At the start of the study, Terracciano said he thought people who were more anxious or nervous would have higher metabolic rates. "But we didn't find this," he said.
Terracciano said the participants who were identified as more neurotic took a longer time to complete the walking portion of the study and had lower aerobic capacity. Those who scored lower for neuroticism and higher for conscientiousness, extraversion or openness, had better aerobic capacity and expended less energy to walk the same distance. This meant those who were more resilient personality-wise were faster and had better aerobic capacity.
"They could go faster but they used less energy," Terracciano said. "But I should make it clear that we did not find a relationship between personality disposition and resting metabolic rate."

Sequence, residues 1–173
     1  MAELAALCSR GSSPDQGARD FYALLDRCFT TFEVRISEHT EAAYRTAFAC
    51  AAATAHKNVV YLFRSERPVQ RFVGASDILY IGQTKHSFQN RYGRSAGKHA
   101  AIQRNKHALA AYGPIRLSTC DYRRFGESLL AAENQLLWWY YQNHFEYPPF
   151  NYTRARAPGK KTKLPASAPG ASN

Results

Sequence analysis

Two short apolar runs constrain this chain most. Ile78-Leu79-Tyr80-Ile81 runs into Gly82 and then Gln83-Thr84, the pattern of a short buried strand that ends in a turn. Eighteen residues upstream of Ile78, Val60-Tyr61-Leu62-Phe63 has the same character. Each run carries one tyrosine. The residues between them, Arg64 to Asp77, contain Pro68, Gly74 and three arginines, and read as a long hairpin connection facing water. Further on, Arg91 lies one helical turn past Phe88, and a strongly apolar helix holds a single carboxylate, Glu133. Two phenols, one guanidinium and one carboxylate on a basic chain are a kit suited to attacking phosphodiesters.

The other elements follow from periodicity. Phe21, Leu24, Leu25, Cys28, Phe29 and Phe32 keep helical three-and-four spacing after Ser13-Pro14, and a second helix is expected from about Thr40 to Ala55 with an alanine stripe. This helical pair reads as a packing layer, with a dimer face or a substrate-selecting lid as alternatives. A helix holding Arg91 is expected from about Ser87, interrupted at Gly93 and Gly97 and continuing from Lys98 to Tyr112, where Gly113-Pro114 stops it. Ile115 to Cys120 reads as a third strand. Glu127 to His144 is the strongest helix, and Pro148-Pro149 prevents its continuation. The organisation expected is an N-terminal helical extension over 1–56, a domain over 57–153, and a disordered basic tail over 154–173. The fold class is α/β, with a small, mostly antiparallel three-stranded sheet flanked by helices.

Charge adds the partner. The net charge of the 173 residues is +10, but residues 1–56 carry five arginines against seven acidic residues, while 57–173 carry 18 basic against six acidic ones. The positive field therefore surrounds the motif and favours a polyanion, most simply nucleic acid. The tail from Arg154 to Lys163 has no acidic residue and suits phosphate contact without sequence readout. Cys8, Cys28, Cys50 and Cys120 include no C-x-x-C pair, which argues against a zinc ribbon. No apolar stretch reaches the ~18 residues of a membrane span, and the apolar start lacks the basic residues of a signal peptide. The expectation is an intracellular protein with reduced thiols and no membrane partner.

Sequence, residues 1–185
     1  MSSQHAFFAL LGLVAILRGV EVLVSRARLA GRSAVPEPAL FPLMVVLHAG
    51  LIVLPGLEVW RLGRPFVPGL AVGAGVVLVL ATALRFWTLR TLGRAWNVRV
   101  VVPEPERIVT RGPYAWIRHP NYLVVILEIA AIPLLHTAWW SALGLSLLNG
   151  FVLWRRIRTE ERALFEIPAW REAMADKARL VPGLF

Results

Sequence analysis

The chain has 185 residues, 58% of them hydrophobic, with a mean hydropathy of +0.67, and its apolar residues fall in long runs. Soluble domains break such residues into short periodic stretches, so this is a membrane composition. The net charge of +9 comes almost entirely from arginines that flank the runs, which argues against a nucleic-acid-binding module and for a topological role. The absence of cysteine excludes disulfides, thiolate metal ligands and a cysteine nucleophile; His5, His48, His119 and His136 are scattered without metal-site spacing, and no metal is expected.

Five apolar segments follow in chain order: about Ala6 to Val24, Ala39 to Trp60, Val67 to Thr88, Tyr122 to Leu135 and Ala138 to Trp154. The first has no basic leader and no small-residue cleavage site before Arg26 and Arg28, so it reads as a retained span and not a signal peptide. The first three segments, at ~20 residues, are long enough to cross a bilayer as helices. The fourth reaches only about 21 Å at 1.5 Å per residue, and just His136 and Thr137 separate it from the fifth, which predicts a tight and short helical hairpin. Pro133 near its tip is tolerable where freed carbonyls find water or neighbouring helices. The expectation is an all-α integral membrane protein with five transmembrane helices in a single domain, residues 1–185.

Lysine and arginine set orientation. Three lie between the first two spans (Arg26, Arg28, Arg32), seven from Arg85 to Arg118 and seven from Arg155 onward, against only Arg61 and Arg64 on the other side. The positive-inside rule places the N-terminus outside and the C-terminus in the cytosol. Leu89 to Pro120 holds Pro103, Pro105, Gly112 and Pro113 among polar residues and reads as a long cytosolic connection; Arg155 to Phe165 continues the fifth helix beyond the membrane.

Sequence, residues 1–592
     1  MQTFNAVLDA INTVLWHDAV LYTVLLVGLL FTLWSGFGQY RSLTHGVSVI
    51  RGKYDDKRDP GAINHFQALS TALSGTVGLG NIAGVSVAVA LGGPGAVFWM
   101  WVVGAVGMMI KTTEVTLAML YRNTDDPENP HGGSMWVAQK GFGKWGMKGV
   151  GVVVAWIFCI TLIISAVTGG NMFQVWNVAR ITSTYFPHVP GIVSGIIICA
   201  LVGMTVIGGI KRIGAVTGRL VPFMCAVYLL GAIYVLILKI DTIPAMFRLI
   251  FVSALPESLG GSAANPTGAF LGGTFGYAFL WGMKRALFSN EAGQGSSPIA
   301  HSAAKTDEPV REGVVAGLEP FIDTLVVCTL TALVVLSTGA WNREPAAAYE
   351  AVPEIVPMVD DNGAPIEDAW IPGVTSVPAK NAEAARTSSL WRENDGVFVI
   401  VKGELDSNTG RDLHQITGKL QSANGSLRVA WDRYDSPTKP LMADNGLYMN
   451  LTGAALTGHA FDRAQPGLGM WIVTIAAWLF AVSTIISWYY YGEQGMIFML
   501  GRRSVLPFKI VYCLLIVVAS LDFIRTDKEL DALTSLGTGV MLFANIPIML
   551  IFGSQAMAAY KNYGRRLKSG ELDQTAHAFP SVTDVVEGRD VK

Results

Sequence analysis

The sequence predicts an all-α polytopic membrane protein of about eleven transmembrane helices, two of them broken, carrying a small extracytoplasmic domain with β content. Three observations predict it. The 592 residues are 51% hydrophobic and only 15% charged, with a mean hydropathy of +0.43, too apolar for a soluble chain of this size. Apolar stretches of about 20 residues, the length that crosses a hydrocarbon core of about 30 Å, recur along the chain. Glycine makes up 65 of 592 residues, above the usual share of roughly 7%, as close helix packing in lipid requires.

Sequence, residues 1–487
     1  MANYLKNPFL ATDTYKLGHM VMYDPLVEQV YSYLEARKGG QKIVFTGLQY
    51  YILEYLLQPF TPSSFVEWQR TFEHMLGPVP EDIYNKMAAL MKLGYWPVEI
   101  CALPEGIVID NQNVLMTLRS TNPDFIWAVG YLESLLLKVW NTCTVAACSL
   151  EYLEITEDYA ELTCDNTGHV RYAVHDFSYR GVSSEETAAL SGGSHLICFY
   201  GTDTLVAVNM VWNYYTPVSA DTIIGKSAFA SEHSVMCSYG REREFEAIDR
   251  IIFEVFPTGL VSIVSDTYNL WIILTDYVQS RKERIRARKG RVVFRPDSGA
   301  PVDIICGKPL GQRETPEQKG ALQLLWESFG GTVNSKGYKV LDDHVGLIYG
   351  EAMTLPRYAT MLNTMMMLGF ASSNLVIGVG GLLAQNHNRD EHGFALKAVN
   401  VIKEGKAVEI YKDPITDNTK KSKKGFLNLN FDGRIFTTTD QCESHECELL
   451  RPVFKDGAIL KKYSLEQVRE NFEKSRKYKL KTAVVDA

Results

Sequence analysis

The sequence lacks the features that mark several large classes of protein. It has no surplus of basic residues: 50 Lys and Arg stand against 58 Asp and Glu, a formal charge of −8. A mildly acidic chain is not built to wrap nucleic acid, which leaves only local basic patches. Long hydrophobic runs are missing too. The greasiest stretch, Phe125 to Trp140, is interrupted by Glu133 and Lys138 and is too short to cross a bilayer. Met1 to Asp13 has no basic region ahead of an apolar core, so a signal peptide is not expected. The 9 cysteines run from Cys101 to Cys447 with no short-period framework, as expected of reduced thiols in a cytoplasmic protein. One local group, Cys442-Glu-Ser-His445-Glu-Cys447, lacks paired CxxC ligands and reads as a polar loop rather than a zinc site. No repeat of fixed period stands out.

In other words, while specific traits of resilience played a role, how nice or not nice someone was in general was not connected to having a better or worse metabolism or aerobic fitness level.
Dr. Joanne Sotelo, the division director of psychiatry at Scott & White Healthcare in Round Rock, Texas, said the research makes sense.
"The study reinforces what we already know -- that personalities that are more flexible and adaptable will do better overall," Sotelo said. "It's a reminder that for people who are more symptomatic -- from a personality or mental-health-disorder standpoint -- we have to recommend to them that they need to eat well, exercise and sleep well. I discuss this on a regular basis with patients."
She said the word "neuroticism," which the study authors use to describe a personality trait, may be a little outdated though.
"'Neurotic' is kind of an older term for people who may be more dramatic, who have poor coping skills and are not very flexible," she said. "They often have un
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